As noted in Brett Mulligan’s update on OLCC’s Operation Table Rock, and OLCC’s own press release on the subject, preliminary results from OLCC’s presumptive testing program for hemp grows, as authorized by HB 3000, showed that 58% of samples collected from 212 registered hemp grows tested above the limits established by OLCC’s temporary rule for THC content. In other words, according to OLCC, 58% of registered hemp grows were actually growing marijuana, not hemp.
RAPID FIELD TESTING VS. LABRATORY RESULTS
This eye-popping statistic is rather shocking, given that as of December 2020, 93% of registered harvest lots of hemp fields detected below the legal limit of THC allowed in hemp (0.349%), according to a study by Oregon State University. Did the majority of Oregon’s registered hemp growers suddenly decide to start growing marijuana this year? If not, what accounts for this wide disparity in test results between 2020 and 2021?
One possible answer is that the data used by OLCC in their press release, and relied upon by ODA to issue orders detaining and eventually destroying wide swaths of this year’s hemp crop, is wildly different from the 2020 data analyzed by OSU, which reviewed results from preharvest testing conducted by laboratories licensed by OLCC and certified by OHA. Indeed, it turns out, based on information revealed by OLCC’s new Director of Compliance, Jason Hanson, at a recent virtual gathering of the Oregon State Bar’s Cannabis and Psychedelic Law section, that OLCC’s data is based not on laboratory results, but rather the results of a rapid field testing unit used by law enforcement. There is little, if any data, that has been revealed publicly about the reliability of these field testing units, which appear to have been purchased by OLCC from a company based in New Hampshire.
Furthermore, OLCC’s press release referred to the highest sample they collected testing at 32.9% THC, but ODA personnel later confirmed that laboratory preharvest testing performed at the same site came back fully compliant (in that the crop tested at or below 0.3% THC). ODA personnel stated that they were still investigating how such a wide disparity resulted between OLCC’s field test and the laboratory results, but this suggests that either the field testing unit was mis-calibrated or there was something amiss with OLCC’s chain of custody (i.e., the sample that they said came from the field that tested clean in a laboratory test actually came from some other field).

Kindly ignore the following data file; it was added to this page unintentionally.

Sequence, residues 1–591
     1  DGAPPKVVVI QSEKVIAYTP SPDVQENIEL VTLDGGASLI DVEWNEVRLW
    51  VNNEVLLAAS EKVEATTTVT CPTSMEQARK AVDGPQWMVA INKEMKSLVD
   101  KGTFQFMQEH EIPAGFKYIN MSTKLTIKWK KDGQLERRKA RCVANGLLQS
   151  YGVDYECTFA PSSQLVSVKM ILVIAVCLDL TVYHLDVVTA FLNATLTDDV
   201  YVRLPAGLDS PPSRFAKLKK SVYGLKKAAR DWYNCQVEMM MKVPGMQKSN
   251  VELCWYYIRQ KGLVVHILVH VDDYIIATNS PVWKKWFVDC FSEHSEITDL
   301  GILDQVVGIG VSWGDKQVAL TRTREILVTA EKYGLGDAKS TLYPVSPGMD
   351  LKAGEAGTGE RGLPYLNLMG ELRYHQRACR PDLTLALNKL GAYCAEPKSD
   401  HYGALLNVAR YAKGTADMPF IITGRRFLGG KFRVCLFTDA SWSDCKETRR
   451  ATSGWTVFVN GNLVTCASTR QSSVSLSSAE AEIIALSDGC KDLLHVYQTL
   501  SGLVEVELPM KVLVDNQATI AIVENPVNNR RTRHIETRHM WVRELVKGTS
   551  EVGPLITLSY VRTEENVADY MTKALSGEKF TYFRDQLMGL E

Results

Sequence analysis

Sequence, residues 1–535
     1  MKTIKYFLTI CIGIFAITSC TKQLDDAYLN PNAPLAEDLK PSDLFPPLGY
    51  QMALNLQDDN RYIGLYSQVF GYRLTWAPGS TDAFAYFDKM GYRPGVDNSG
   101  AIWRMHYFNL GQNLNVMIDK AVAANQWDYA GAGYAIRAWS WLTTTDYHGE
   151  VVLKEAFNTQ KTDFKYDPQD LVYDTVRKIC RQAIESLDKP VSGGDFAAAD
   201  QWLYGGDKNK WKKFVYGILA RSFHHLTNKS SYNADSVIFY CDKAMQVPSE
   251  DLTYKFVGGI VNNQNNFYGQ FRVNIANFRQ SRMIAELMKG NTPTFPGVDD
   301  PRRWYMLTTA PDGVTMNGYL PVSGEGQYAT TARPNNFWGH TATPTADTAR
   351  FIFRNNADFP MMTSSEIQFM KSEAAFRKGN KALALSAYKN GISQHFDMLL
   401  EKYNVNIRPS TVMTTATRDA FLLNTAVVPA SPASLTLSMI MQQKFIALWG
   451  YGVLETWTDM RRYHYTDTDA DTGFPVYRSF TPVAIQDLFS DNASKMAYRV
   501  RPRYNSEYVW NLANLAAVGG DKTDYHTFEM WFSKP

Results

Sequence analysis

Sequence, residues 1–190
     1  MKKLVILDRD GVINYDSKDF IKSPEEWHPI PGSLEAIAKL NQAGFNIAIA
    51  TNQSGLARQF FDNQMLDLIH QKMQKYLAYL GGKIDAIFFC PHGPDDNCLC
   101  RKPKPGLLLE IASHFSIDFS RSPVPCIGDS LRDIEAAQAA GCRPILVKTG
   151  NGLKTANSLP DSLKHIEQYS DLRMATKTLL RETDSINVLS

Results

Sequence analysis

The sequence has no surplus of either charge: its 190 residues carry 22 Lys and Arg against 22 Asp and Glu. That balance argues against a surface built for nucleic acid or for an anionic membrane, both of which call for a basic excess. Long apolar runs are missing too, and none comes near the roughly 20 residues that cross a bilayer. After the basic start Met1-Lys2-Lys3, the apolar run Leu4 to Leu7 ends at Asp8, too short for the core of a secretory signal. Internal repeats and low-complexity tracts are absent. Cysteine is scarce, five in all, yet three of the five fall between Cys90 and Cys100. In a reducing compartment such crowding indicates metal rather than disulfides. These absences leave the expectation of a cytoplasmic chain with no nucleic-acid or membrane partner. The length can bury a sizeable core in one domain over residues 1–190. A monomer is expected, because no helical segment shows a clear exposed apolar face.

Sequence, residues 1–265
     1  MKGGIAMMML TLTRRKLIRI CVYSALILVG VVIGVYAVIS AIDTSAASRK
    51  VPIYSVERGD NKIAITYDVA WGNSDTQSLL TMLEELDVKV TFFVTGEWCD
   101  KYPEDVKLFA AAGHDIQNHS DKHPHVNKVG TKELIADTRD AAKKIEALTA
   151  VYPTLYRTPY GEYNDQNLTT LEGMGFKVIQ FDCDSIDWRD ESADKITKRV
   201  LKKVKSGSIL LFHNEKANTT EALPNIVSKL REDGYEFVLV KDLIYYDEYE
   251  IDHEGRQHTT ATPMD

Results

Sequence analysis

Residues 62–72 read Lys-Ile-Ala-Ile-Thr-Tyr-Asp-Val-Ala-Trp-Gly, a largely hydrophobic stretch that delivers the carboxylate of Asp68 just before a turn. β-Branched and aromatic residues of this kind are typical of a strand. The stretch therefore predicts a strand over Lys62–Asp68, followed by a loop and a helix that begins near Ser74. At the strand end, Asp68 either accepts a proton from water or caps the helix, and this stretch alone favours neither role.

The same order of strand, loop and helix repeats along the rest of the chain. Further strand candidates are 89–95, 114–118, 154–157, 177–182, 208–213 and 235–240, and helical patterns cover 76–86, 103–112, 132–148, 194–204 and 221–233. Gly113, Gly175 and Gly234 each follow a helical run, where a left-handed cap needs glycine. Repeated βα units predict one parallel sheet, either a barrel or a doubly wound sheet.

Despite these outstanding questions, ODA is forging ahead, relying on OLCC’s questionable sampling and field testing protocol, by issuing Notices of Detainment to registered hemp growers in Oregon. These Notices of Detainment have the effect of stopping all harvest activity in its tracks while the growers go through an administrative process that can take several weeks to resolve, at great cost to the growers. Those that don’t go through the administrative process are ordered to destroy their crop in its entirety, even for areas that OLCC didn’t sample.
Section 41a of HB 3000 delegated to OLCC, in consultation with ODA, the task of developing testing criteria and methodology for determining whether a cannabis plant is marijuana or hemp. And while OLCC’s temporary rule adopted in July sets forth several THC thresholds based on a percentage of THC detected, there is nothing in that rule that authorized OLCC or ODA to rely on testing other than a laboratory test. Further, there are several provisions of HB 3000 that indicate that the legislature assumed OLCC would be relying on laboratory tests.
OLCC’s lack of transparency regarding its decision to abandon laboratory tests in favor of rapid field testing of unknown reliability for its presumptive testing regime raises even more questions. But these questions will not be answered fast enough for hemp growers affected now.
If you have received a Notice of Detainment from ODA covering your hemp crop, and citing presumptive testing as the reason, it is important that you read that document fully and immediately contact an attorney, because there are significant and onerous time limits that can affect your rights to harvest your crop.
You can contact Kevin Jacoby at firstname.lastname@example.org or 503-488-5424.